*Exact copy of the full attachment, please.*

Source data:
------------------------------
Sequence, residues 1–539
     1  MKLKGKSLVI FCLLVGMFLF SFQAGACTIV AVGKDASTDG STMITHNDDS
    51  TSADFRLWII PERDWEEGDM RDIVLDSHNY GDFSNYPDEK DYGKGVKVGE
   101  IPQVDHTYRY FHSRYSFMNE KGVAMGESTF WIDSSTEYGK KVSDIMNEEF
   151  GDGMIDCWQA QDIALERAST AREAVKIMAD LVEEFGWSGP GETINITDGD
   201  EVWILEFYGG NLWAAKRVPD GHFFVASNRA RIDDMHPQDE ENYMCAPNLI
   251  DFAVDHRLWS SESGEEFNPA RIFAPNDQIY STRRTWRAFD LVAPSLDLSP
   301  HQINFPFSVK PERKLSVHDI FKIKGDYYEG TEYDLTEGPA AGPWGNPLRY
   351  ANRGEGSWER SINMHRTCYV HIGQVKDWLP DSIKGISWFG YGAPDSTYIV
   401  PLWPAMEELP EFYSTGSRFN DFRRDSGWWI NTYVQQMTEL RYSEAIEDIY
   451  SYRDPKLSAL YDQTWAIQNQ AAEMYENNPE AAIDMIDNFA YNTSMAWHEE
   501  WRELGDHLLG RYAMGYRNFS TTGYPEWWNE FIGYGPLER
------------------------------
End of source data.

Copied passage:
Sequence, residues 1–539
     1  MKLKGKSLVI FCLLVGMFLF SFQAGACTIV AVGKDASTDG STMITHNDDS
    51  TSADFRLWII PERDWEEGDM RDIVLDSHNY GDFSNYPDEK DYGKGVKVGE
   101  IPQVDHTYRY FHSRYSFMNE KGVAMGESTF WIDSSTEYGK KVSDIMNEEF
   151  GDGMIDCWQA QDIALERAST AREAVKIMAD LVEEFGWSGP GETINITDGD
   201  EVWILEFYGG NLWAAKRVPD GHFFVASNRA RIDDMHPQDE ENYMCAPNLI
   251  DFAVDHRLWS SESGEEFNPA RIFAPNDQIY STRRTWRAFD LVAPSLDLSP
   301  HQINFPFSVK PERKLSVHDI FKIKGDYYEG TEYDLTEGPA AGPWGNPLRY
   351  ANRGEGSWER SINMHRTCYV HIGQVKDWLP DSIKGISWFG YGAPDSTYIV
   401  PLWPAMEELP EFYSTGSRFN DFRRDSGWWI NTYVQQMTEL RYSEAIEDIY
   451  SYRDPKLSAL YDQTWAIQNQ AAEMYENNPE AAIDMIDNFA YNTSMAWHEE
   501  WRELGDHLLG RYAMGYRNFS TTGYPEWWNE FIGYGPLER